Accepting Fate to do it’s Job

Upon my return to Vietnam earlier this week I had a moral dilemma. It happened at Thu Thiem, a pocket of dense jungle amidst the concrete of  Ho Chi Minh City. It’s a favourite place of mine and countless others but like many green spaces in the city it has recently been turned into an enormous construction zone ; albeit it more or less free to access for the general public (at this stage).

Riding my tiny bike along the accidental motocross track forged by hundreds or rumbling trucks I  eventually came to spot isolated from people, motorbikes and unwanted background noise. I sat on a stack of concrete slabs as I sat gazing  across the Saigon River at the jumbled skyline of District 1. After resting for about half an hour I decided it was time to leave before the sun did. I suddenly heard a muffled cry.

The sobbing grew weaker as I looked high and low for a lone kitten – perhaps there were more than one? The cries stopped and I looked everywhere that I thought was in earshot of my seat; not forgetting the tight gaps between the concrete I was sitting on. This cat saw or felt me here and it wanted me to notice it. Although I was frantically looking it had become dark already and I was without a torch. I found no kittens. I rode away from that baby knowing that it would die very shortly.

It’s not uncommon to come across abandoned kittens all over this city. Litters of cats are seen living out of the way of people; gaps in form-work of stalled construction or cardboard boxes beside festering canals also seem popular. I do occasionally visit these places as I find them fascinating and often they crawl out towards you from underneath their ‘homes’ which are the only respite from the sun’s intense heat. You understand they will probably die as they are often very weak, underfed, riddled with fleas and diseased. You can’t just wash them and give them away (as many expats who advertise on facebook now realise). Cats serve no purpose  here and are not valued like a dog and the security they bring to a household.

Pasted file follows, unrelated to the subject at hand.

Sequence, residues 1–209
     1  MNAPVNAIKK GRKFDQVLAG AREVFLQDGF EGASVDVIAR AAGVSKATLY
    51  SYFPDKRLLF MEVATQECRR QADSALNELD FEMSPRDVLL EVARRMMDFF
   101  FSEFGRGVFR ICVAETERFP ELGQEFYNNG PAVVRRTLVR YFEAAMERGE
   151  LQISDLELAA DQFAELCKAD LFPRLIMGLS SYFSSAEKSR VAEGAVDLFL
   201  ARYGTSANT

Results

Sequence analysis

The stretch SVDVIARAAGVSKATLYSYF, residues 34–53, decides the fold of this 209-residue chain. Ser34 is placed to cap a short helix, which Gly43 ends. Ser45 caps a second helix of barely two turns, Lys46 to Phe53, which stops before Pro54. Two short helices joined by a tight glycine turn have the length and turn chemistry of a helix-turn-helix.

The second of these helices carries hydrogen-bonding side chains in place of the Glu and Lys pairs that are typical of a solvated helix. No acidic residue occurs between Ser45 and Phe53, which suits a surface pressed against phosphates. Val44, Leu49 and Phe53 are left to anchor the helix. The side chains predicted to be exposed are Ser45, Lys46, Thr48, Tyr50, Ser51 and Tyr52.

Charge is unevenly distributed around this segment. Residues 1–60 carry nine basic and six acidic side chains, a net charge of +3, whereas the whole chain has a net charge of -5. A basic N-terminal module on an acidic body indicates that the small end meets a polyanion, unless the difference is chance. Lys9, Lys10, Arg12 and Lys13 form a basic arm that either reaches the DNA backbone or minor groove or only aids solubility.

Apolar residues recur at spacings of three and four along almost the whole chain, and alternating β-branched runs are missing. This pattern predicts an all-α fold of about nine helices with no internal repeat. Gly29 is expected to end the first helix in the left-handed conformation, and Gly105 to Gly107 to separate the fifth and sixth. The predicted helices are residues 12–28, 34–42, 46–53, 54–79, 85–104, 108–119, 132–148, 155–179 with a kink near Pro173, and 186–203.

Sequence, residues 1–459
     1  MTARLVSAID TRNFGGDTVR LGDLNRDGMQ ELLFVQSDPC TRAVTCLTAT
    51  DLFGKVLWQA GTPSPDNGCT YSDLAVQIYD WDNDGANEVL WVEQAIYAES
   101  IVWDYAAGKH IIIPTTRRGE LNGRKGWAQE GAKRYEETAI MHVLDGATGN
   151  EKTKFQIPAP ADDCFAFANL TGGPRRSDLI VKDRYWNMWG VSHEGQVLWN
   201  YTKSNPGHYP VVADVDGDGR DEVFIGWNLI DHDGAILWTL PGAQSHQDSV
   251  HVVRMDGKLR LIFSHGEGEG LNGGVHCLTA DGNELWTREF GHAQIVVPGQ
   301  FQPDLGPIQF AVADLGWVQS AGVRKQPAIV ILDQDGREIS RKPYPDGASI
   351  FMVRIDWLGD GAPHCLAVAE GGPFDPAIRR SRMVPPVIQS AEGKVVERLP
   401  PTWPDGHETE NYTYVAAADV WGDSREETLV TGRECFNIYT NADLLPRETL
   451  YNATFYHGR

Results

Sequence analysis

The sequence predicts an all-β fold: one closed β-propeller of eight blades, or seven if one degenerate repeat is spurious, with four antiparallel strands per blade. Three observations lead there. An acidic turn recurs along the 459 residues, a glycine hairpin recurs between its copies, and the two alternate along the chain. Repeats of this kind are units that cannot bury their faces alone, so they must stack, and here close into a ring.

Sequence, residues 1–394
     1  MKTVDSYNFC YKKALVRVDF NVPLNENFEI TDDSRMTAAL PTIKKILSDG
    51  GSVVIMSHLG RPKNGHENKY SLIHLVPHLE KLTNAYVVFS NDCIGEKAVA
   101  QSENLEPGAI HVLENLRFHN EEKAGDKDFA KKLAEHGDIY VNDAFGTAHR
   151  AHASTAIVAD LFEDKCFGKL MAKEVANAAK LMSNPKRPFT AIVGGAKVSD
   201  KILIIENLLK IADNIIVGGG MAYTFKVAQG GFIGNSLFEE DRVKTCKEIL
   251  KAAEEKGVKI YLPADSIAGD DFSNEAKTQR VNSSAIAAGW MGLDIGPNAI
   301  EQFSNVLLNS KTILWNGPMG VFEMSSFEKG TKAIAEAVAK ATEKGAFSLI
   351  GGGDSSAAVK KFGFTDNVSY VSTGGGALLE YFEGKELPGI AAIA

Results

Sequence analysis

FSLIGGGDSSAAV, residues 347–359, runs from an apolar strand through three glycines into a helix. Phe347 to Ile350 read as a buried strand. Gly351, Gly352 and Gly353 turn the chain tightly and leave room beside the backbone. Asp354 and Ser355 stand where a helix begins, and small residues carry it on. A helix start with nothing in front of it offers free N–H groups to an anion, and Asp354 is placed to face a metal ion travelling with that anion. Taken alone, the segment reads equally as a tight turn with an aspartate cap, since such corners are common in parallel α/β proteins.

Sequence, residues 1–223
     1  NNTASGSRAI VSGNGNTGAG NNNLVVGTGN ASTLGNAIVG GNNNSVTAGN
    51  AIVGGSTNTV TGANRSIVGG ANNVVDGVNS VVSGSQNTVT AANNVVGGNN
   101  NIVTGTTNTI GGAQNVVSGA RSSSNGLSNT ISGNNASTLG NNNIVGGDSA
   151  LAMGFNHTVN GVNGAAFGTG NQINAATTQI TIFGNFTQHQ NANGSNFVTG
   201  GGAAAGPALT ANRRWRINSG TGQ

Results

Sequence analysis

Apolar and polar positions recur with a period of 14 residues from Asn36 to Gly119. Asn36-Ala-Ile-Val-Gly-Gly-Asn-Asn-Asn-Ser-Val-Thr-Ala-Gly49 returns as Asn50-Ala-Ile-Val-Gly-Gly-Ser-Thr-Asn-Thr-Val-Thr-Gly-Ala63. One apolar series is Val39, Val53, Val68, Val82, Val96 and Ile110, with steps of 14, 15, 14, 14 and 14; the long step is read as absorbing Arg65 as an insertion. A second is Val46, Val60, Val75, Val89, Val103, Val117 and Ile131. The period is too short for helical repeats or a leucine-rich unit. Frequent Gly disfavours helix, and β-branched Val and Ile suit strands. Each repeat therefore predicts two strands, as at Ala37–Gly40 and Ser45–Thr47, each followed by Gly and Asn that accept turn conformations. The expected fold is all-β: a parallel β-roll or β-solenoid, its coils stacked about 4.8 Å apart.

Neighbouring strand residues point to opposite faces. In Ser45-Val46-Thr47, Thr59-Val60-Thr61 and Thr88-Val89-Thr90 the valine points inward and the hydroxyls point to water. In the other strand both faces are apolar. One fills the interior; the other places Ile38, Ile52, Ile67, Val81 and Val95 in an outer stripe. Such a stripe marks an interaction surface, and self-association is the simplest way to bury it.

For the most part, an abandoned kittens fate here must be accepted; life here doesn’t favour newborn kittens as many tiny lives are continually cut short.  Do I like the idea? No. I tried to find that kitten the other day with all the resources I had. What I would do once I found it – I do not know. Not every abandoned kittens life can be saved. All I could do then was to acknowledge the situation of the life that was calling out to me and accept that fate would do it’s job. Accepting death, particularly when it seems avoidable, is an essential part of understanding nature.

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